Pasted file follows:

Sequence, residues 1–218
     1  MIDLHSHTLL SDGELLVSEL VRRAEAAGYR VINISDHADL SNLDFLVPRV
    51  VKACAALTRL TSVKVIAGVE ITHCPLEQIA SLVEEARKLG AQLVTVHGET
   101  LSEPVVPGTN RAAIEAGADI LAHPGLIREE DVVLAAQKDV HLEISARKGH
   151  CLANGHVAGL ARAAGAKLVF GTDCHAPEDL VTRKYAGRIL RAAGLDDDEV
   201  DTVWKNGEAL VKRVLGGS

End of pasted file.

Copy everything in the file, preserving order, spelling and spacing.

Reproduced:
Sequence, residues 1–218
     1  MIDLHSHTLL SDGELLVSEL VRRAEAAGYR VINISDHADL SNLDFLVPRV
    51  VKACAALTRL TSVKVIAGVE ITHCPLEQIA SLVEEARKLG AQLVTVHGET
   101  LSEPVVPGTN RAAIEAGADI LAHPGLIREE DVVLAAQKDV HLEISARKGH
   151  CLANGHVAGL ARAAGAKLVF GTDCHAPEDL VTRKYAGRIL RAAGLDDDEV
   201  DTVWKNGEAL VKRVLGGS